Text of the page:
Cantharidin

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cantharidin

[kan′thar·ə·dən]
(organic chemistry)
C10H12O4 Colorless crystals that melt at 218°C; slightly soluble in acetone, chloroform, alcohol, and water; used in veterinary medicine. Also known as cantharides camphor.

Cantharidin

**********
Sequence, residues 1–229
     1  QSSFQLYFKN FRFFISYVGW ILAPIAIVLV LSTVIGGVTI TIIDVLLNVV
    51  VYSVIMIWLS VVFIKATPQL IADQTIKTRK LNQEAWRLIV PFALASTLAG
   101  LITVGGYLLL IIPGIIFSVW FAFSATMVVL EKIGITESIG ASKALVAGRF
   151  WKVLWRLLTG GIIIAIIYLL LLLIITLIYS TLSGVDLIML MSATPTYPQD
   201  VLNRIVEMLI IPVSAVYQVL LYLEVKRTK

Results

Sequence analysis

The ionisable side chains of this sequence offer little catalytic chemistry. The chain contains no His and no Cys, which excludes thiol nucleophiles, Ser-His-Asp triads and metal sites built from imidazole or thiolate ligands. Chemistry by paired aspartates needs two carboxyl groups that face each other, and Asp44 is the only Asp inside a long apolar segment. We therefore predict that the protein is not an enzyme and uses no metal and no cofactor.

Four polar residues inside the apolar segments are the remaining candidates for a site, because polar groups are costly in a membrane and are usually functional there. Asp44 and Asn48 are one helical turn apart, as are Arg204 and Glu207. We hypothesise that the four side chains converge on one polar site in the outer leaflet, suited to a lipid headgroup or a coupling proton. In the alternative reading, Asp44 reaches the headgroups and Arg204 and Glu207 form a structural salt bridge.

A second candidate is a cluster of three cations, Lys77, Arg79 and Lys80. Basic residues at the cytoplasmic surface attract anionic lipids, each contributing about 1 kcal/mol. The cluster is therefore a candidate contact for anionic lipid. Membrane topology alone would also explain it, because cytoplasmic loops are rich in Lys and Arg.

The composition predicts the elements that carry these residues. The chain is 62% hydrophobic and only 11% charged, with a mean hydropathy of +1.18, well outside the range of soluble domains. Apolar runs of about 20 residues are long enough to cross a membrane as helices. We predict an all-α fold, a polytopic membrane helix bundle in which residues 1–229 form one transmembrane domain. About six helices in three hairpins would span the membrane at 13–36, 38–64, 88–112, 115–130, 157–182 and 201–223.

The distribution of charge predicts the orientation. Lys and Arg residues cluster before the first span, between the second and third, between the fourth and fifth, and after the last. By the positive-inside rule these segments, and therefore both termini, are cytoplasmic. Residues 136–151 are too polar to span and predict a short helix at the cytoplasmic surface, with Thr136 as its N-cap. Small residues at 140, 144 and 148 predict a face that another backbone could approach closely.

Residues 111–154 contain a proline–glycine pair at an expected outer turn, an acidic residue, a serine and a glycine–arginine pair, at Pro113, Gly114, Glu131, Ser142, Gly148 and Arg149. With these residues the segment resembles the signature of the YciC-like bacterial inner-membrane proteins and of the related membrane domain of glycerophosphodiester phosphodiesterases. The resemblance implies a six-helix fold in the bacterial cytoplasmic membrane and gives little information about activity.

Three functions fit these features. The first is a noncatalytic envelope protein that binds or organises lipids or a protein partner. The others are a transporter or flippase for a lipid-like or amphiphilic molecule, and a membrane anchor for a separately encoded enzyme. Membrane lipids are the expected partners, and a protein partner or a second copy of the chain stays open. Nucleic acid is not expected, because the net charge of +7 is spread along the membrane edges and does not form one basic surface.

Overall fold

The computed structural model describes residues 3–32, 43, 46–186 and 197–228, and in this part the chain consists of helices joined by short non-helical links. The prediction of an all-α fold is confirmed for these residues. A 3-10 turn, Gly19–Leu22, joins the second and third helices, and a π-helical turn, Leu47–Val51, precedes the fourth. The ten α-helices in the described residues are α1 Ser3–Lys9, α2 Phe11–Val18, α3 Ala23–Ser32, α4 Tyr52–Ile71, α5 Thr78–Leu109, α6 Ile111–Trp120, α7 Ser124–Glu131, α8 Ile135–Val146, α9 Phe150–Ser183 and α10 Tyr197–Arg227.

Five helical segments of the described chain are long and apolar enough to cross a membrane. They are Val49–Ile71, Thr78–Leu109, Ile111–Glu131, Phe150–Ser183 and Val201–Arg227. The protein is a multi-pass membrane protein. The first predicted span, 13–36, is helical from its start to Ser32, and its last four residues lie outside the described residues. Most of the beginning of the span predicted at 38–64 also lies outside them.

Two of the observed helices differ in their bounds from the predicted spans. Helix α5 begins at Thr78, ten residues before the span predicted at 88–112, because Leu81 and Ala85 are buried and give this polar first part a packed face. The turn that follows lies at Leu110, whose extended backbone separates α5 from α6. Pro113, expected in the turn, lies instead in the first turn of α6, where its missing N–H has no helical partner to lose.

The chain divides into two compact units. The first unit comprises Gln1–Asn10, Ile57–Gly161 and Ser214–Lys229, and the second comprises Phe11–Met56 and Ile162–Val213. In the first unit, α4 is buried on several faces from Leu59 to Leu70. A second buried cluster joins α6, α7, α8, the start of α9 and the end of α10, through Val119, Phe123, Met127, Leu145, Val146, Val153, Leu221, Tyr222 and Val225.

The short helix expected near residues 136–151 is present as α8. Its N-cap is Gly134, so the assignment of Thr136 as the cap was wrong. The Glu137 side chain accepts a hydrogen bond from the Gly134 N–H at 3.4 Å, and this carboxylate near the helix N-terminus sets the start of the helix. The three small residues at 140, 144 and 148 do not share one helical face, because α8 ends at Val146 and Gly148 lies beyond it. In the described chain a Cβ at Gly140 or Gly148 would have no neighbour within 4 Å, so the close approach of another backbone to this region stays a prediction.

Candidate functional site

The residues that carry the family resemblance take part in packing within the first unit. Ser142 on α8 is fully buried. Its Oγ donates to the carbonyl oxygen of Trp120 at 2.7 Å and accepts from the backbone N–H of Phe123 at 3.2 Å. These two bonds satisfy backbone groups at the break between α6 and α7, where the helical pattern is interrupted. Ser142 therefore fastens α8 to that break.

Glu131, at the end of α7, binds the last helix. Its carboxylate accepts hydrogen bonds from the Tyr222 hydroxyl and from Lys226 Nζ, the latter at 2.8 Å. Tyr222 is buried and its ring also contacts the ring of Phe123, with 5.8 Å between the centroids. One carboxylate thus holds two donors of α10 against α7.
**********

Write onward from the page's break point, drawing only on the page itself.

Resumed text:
the active principle of Spanish flies and other bugs of the family Meloidae (blister beetles); a terpenoid anhydride of cantharidic acid. Cantharidin is poorly soluble in water and readily soluble in fats and organic solvents. It severely blisters the skin and mucous membranes. It causes pain, a burning sensation, and formation of blisters. Ingestion causes poisoning, accompanied by catarrh of the urinary tract, salivation, vomiting, diarrhea, abdominal pain, and excitation of the central nervous system.